Skip to Content, Navigation, or Footer.
The Daily Lobo The Independent Voice of UNM since 1895
Latest Issue
Read our print edition on Issuu
Water conservation.jpeg

The Rio Grande River from Alameda Boulevard in Corrales on Sunday, Oct. 16, 2022.

Soil & Water supervisor board election

This upcoming election, three of the five elected positions on the Ciudad Soil and Water District Supervisor Board are up for election. Of them, two are landowner positions – meaning you must own land in the district – and one is an at-large position.

There are several soil and water conservation districts (SWCD) across the state. The SWCD are volunteer positions and the board is responsible for the control and prevention of soil erosion, flood water damage, promoting conservation and water recreation, according to the Act creating the districts.

The board sits under both the New Mexico Department of Agriculture and the National Resource Conservation Service, which is positioned under the federal U.S. Department of Agriculture – providing perspective to both state and federal matters.

“Their knowledge to accomplish conservation work appropriate for the locale, by their own work or by coordinating with and advising federal and state agencies, as well as other local government entities such as counties and municipalities,” the Supervisor Handbook reads.

At large candidates

There are two candidates on the ballot for the singular at-large position. Voters will select one of the two at-large candidates on the ballot.

Kaelan Dreyer

Candidate Dreyer said he decided to run, being a young smallholder farmer from the North Valley and he wanted representation for micro farmers on the board. He currently supports the East Mountain Water Runoff programs and wants to expand farmer training programs.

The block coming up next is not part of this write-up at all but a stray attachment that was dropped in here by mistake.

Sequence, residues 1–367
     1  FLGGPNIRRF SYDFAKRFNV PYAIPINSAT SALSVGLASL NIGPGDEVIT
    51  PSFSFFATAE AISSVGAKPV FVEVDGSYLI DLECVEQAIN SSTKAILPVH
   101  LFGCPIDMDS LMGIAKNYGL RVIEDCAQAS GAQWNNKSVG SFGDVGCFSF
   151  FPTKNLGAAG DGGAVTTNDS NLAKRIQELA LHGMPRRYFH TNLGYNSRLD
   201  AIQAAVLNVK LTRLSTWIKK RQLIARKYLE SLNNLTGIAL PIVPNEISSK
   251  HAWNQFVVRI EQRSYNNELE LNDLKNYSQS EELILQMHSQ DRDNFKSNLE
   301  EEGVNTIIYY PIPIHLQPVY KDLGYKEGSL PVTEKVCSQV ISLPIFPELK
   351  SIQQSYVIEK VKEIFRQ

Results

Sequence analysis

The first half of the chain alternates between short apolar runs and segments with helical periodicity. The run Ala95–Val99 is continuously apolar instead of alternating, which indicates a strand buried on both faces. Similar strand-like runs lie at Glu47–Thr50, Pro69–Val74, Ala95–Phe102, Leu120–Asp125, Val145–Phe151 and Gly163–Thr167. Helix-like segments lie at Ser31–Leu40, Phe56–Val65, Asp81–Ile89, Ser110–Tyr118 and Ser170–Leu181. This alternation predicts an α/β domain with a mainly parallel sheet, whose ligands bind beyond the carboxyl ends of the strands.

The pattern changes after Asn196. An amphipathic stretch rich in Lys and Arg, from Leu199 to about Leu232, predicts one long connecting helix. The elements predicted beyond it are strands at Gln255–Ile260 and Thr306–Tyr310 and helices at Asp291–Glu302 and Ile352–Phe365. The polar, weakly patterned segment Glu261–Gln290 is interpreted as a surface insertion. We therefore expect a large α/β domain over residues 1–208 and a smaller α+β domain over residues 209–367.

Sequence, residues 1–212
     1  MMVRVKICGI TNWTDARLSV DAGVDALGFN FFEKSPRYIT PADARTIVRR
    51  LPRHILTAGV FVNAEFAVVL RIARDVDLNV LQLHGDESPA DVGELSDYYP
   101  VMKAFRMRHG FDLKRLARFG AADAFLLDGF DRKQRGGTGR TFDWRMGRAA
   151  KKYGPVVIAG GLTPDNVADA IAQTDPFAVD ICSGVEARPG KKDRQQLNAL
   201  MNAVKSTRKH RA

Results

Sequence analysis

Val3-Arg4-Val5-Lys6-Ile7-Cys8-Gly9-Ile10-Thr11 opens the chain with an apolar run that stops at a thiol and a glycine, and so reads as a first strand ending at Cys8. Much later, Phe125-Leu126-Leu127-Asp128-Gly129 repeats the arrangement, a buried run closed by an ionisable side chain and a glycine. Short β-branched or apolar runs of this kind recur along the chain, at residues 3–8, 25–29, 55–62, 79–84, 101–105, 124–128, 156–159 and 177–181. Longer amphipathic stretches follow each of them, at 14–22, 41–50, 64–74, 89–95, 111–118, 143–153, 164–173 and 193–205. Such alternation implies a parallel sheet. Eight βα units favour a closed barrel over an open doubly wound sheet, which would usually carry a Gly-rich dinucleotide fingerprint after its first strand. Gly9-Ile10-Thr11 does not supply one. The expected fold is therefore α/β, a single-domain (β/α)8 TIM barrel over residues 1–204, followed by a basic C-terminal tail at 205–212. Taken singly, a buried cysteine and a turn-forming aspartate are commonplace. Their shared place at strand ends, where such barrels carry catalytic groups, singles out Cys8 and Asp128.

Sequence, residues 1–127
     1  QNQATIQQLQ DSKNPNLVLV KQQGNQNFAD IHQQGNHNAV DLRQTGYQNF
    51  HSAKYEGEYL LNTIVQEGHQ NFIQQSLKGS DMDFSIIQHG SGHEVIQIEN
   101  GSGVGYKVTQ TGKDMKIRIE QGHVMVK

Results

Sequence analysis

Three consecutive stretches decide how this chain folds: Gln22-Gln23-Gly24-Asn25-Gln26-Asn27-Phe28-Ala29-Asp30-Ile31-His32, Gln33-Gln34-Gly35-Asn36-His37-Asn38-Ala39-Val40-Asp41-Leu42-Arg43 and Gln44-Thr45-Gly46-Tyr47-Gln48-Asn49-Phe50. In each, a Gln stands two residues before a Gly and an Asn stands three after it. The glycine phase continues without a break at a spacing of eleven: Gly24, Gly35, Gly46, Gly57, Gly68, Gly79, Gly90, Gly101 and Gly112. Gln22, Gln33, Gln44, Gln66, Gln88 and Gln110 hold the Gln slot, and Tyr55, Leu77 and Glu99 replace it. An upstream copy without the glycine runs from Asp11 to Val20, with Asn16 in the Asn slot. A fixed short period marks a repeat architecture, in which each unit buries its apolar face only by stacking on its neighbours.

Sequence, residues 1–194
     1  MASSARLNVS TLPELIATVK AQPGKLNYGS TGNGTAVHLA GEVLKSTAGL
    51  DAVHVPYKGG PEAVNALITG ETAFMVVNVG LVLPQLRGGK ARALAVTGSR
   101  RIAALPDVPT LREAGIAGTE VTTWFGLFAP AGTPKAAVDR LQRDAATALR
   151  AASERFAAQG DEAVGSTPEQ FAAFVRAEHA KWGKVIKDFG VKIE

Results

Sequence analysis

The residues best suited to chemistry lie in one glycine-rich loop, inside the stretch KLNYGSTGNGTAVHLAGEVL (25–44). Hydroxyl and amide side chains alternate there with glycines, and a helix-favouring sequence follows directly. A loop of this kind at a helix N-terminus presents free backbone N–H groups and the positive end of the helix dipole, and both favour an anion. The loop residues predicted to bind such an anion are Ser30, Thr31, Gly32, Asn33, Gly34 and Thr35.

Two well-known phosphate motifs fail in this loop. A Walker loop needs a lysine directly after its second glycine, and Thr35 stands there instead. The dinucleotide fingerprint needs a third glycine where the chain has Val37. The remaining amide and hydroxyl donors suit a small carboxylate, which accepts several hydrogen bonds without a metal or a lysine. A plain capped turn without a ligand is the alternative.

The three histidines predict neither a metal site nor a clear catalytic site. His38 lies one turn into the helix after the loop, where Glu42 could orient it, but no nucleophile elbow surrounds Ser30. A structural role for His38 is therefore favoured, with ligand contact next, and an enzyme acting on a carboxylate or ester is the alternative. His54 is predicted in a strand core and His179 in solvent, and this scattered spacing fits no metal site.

“I've always been interested in the growing industry. As a neurodivergent person, I find it (to be)much more rewarding, conventional work. I'm currently going to Central New Mexico College right now to do the brewing program because I want to supply grains for local breweries here,” Dreyer said.

He sees potential for Albuquerque to become an “urban agriculture oasis” as a solution to food deserts or lack of grocery stores and affordable fresh food available.

Daniel Conklin

Incumbent Conklin has served on the board for eight years and volunteered since 2012 after graduating from Bernalillo County’s Master Naturalist program. In the Naturalist program, he worked on the Tijeras Creek Remediation Project. If re-elected, he would want to continue restoration on the creek.

Enjoy what you're reading?
Get content from The Daily Lobo delivered to your inbox

“We have grown dramatically during my tenure with over $3 million in grant funds to be spent this year. Almost all our funding comes from grants which we compete for and must continually replace. We have six dedicated – may I say passionate – employees who get the job done,” Conklin wrote.

Conklin said the board intends to seek voter approval next year for a tax that would secure the board's long-term funding. He also supports the ongoing education projects, East Mountains Forest Heath Program and restoring natural and native ecosystems.

Landowner candidates 

There are five candidates on the ballot for the two landowner positions. Those voting are allowed to select up to two candidates on the ballot for the landowner position.

Incumbent candidates for the landowner position, Thomas Allen and Maria Young, are running in support of each other as well as at-large incumbent Conklin due to the current functionality of the board and wanting to keep the current team in place, Allen, Conklin and Young said.